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Importing a Named Range From Microsoft Excel
By Allan Mitchell

On the newsgroups recently there has been a great deal of interest in importing data from Microsoft Excel into SQL Server using DTS. One of the questions that caught my eye was "How do I import values from cells from anywhere on the page?". You can do this using Named Ranges in the Excel spreadsheet.

The package contains three global variables. The FileLocation is where the Excel File will be located. The SheetNumber is the sheet on which we find the data. The DataLocation is how we create a Named Range.

Name Type Value
FileLocation String F:\Workings\ExcelNamedRangeSample.xls
SheetNumber String 1
DataLocation String R14C8:R43C11

The data location R14C8:R43C11 refers to the range Row 14 Column 8 to Row 43 column 11. For the first set of co-ordinates we need to specify the cell immediately above the top left hand corner of our data.

Below is the ActiveX Script commented to explain the process.

' 243 (Excel Named Range)
Option Explicit

Function Main()

	Dim sActualLocationOfData
	Dim Excel_Application 
	Dim Excel_WorkBook 
	Dim Excel_WorkSheet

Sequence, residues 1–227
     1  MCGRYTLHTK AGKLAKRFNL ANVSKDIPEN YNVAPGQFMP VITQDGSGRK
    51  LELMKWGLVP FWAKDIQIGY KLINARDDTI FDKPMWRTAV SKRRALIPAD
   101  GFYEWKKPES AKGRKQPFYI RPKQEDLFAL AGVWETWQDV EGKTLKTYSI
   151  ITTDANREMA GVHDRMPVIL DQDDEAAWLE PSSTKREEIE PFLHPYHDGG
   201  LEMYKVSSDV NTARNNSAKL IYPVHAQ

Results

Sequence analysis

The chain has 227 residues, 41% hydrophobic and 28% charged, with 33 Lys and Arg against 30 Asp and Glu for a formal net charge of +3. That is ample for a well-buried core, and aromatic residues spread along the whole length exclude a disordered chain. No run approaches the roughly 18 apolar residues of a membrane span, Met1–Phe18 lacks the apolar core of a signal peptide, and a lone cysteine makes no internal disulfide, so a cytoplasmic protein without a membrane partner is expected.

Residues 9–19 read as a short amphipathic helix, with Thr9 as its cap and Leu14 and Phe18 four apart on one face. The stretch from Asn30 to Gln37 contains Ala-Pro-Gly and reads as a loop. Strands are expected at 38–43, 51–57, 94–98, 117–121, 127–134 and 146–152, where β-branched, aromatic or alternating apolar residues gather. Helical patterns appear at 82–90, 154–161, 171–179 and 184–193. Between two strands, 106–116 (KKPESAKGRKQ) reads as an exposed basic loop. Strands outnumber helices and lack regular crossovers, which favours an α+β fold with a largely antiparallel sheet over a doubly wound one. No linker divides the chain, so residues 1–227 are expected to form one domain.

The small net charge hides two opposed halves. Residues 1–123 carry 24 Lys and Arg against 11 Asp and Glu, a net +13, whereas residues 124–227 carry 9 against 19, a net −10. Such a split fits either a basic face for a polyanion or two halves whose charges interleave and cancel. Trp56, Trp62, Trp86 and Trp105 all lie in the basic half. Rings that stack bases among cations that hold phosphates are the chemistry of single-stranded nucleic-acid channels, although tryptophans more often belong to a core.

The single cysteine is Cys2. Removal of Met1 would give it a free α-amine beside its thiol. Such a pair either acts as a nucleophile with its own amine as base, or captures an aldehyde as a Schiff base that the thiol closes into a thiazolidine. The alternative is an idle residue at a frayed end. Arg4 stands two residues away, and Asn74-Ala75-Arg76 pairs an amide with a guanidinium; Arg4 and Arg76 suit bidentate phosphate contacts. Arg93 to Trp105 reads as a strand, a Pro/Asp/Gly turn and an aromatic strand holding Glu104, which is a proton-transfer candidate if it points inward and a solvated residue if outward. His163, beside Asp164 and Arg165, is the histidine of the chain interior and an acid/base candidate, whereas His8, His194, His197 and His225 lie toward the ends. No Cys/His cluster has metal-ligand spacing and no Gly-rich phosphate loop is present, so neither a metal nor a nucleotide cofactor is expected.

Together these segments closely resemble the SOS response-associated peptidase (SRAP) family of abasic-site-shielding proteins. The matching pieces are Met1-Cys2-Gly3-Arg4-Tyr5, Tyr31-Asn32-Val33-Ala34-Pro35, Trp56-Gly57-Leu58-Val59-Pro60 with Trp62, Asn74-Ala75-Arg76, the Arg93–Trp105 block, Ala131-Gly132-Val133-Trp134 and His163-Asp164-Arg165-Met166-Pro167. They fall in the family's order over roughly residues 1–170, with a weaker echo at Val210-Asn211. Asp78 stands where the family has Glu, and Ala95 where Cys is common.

Dim oPkg
	Dim oConn

	' Location, which sheet and in which cells is our Data.
	' This will produce a string like Sheet1!R14C8:R11C43

	sActualLocationOfData = "=Sheet" & CStr(DTSGlobalVariables("SheetNumber").Value) & _
		"!" & DTSGlobalVariables("DataLocation").Value 

	' Create and set up the Excel File to Import
	Set Excel_Application = CreateObject("Excel.Application")

	' Open Excel Workbook
	Set Excel_WorkBook = Excel_Application.Workbooks.Open(DTSGlobalVariables("FileLocation").Value)

	' Get the Worksheet
	Set Excel_WorkSheet = Excel_WorkBook.Worksheets(Cint(DTSGlobalVariables("SheetNumber").Value))

	' Tell Excel where to get the data and add a named range to the workbook.
	' The DTS pump is expecting a source table of "ImportTable" so we name our range that.
	Excel_WorkBook.Names.Add "ImportTable",  sActualLocationOfData

	' Save the changes back to the workbook.  If you fail to do this then you will get 
	' a message box asking you if you want to make changes to the Excel spreadsheet

	' Clean Up Excel Objects
	Set Excel_WorkBook = Nothing
	Set Excel_Application = Nothing

	'  Now set the Excel Filename on the Connection
	Set oPkg = DTSGlobalVariables.Parent
	Set oConn = oPkg.Connections("Excel File")

	oConn.DataSource = DTSGlobalVariables("FileLocation").Value

	' Clean Up DTS objects
	Set oConn = Nothing
	Set oPkg = Nothing
	Main = DTSTaskExecResult_Success
End Function

A fully working sample package is available for download, which should illustrate this method better than any description. The package has a password of "sqldts" to ensure it is compatible across all versions of SQL Server and all service packs levels. Once you have opened the package you will need to amend the Excel connection to point it at the sample file on your system. Do not elect to make changes to the transformation task when asked.